Suicide, age, and wellbeing: an empirical investigation
Anne Case () and
Angus Deaton ()
Working Papers from Princeton University, Woodrow Wilson School of Public and International Affairs, Center for Health and Wellbeing.
Suicide rates, life evaluation, and measures of affect are all plausible measures of the mental health and well being of populations. Yet in the settings we examine, correlations between suicide and measured well being are at best inconsistent. Differences in suicides between men and women, between Hispanics, blacks, and whites, between age groups for men, between countries or US states, between calendar years, and between days of the week, do not match differences in life evaluation. By contrast, reports of physical pain are strongly predictive of suicide in many contexts. The prevalence of pain is increasing among middle-aged Americans, and is accompanied by a substantial increase in suicides and deaths from drug and alcohol poisoning. Our measure of pain is now highest in middle ageâ€”when life evaluation and positive affect are at a minimum. In the absence of the pain epidemic, suicide and life evaluation are likely unrelated, leaving unresolved whether either one is a useful overall measure of population wellbeing.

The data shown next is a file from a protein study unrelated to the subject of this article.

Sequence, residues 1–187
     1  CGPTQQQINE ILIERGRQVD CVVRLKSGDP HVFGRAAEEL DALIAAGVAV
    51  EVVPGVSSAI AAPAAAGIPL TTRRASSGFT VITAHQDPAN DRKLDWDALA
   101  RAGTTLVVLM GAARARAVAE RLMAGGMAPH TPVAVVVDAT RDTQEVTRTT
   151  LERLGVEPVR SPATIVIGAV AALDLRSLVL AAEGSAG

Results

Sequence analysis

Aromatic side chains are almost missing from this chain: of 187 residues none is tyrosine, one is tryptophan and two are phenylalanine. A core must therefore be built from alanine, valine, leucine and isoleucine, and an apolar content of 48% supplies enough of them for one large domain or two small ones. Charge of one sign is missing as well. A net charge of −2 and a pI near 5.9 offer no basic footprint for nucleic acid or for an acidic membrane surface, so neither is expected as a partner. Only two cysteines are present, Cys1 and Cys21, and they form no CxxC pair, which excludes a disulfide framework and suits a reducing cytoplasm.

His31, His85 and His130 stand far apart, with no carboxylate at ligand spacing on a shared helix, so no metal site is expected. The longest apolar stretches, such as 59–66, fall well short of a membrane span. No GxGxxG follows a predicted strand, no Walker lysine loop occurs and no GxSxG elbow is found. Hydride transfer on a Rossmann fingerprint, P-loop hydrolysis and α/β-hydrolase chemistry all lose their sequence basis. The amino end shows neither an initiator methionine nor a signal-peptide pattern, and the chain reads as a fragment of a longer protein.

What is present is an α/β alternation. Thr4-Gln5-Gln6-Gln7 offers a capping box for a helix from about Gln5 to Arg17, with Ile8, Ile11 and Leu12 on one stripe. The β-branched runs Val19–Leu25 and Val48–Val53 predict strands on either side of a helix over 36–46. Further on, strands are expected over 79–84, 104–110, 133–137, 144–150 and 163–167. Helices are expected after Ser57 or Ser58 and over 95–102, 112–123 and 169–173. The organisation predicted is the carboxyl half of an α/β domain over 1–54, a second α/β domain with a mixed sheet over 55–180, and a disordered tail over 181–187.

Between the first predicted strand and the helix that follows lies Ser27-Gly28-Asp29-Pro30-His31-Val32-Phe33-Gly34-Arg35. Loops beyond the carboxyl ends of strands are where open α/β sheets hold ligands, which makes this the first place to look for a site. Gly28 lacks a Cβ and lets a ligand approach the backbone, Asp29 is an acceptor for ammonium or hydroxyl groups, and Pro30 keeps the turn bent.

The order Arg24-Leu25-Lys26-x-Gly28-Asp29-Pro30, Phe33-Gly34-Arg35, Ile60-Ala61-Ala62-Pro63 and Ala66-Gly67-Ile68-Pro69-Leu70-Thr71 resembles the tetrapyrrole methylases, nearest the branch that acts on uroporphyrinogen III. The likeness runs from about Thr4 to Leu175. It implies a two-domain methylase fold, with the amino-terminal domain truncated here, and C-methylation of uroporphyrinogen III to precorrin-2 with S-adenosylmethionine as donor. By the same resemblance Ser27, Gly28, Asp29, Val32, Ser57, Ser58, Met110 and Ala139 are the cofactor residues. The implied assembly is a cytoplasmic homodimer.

JEL-codes: I3 (search for similar items in EconPapers)
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Chapter: Suicide, Age, and Well-Being: An Empirical Investigation (2015)
Working Paper: Suicide, Age, and Wellbeing: an Empirical Investigation (2015)
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Persistent link: https://EconPapers.repec.org/RePEc:pri:cheawb:june2015
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